Skip to page content
USDA Forest Service
  
Treesearch

Research & Development Treesearch

 
Treesearch Home
About Treesearch
Contact Us
Research & Development
Forest Products Lab
International Institute of Tropical Forestry
Northern
Pacific Northwest
Pacific Southwest
Rocky Mountain
Southern Research Station
Help
 

Science.gov - We Participate


USA.gov  Government Made Easy


Global Forest Information Service

US Forest Service
P.O. Box 96090
Washington, D.C.
20090-6090

(202) 205-8333

You are here: Home / Search / Publication Information
Bookmark and Share

Publication Information

View PDF (740 KB)

Title: Allometry, biomass, and chemical content of novel African Tulip Tree (Spathodea campanulata) forests in Puerto Rico

Author: Lugo, Ariel E.; Abelleira, Oscar J.; Collado, Alexander; Viera, Christian A.; Santiago, Cynthia; Velez, Diego O.; Soto, Emilio; Amaro, Giovanni; Charon, Graciela; Colon, Jr. Hector; Santana, Jennifer; Morales, Jose L.; Rivera, Katherine; Ortiz, Luis; Rivera, Luis; Maldonado, Mianel; Rivera, Natalia; Vazquez, Norelis J.;

Date: 2011

Source: New Forests. DOI 10.1007/s11056-011-9258-8

Publication Series: Scientific Journal (JRNL)

Description: The African tulip tree, Spathodea campanulata, the most common tree in Puerto Rico, forms novel forest types with mixtures of native and other introduced tree species. Novel forests increase in area in response to human activity and there is no information about their biomass accumulation and nutrient cycling. We established allometric relationships and chemically analyzed plant parts of African tulip trees to determine the concentration and standing stock of chemical elements (C, N, P, K, Ca, Mg, S, Mn, Al, Fe, Na), and ash. Trees ranged in diameter at breast height from 8 to 85 cm and in height from 8.8 to 28 m. The concentrations of N, P, K, and Ca in leaves of the African tulip tree were similar to those of the native pioneer Cecropia schreberiana and higher than those of mature forest tree species in Puerto Rico. The over bark wood volume of African tulip trees in nine forest stands where it was dominant ranged from 163 to 849 m3/ha. Aboveground biomass ranged from 60 to 296 Mg/ha, and N and P stocks ranged from 190 to 988 and 32 to 137 kg/ha, respectively. Novel forests on abandoned agricultural lands can store more biomass and elements than native and plantation forest stands of similar age.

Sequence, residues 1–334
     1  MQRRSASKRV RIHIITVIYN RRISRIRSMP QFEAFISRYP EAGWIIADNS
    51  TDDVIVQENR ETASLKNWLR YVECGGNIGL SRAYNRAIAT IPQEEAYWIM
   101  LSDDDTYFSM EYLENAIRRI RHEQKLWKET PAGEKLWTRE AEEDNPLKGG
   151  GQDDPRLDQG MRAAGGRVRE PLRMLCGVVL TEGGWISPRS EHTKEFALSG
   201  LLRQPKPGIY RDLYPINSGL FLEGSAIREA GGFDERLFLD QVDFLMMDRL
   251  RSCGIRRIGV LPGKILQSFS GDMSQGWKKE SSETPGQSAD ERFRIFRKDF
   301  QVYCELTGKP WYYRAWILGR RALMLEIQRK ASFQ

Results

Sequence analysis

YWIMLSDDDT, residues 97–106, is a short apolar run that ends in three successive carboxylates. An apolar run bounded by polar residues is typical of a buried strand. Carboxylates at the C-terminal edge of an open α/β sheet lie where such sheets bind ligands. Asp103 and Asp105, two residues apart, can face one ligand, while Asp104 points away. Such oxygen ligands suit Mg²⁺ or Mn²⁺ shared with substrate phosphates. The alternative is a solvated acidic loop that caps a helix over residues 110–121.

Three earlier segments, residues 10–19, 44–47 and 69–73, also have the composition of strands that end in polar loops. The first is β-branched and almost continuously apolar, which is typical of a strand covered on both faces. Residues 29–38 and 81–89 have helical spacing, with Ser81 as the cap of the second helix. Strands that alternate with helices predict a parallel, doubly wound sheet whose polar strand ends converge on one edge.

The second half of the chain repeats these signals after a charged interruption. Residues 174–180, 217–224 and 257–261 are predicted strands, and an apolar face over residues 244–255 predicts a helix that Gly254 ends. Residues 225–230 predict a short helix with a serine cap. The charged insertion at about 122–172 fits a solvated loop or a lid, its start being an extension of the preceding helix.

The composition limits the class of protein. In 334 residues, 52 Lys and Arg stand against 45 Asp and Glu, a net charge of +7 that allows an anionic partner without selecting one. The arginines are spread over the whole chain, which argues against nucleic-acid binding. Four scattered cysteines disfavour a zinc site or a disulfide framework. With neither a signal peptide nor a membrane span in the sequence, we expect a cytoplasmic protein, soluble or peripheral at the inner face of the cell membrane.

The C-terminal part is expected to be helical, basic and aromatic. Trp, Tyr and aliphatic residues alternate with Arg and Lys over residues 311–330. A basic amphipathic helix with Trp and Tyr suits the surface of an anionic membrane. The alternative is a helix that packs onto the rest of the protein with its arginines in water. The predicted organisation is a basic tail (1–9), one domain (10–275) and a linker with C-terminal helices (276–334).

Keywords: Nutrient concentration, Nutrient cycling, Stemwood volume , Biomass, Carbon, Introduced species, Puerto Rico, Secondary forests, Novel forests

Publication Notes:

  • We recommend that you also print this page and attach it to the printout of the article, to retain the full citation information.
  • This article was written and prepared by U.S. Government employees on official time, and is therefore in the public domain.

XML: View XML

Citation:


Lugo, Ariel E.; Abelleira, Oscar J.; Collado, Alexander; Viera, Christian A.; Santiago, Cynthia; Velez, Diego O.; Soto, Emilio; Amaro, Giovanni; Charon, Graciela; Colon, Jr., Hector; Santana, Jennifer; Morales, Jose L.; Rivera, Katherine; Ortiz, Luis; Rivera, Luis; Maldonado, Mianel; Rivera, Natalia; Vazquez, Norelis J. 2011. Allometry, biomass, and chemical content of novel African Tulip Tree (Spathodea campanulata) forests in Puerto Rico. New Forests. DOI 10.1007/s11056-011-9258-8

 


 [ Get Acrobat ]  Get the latest version of the Adobe Acrobat reader or Acrobat Reader for Windows with Search and Accessibility

USDA logo which links to the department's national site. Forest Service logo which links to the agency's national site.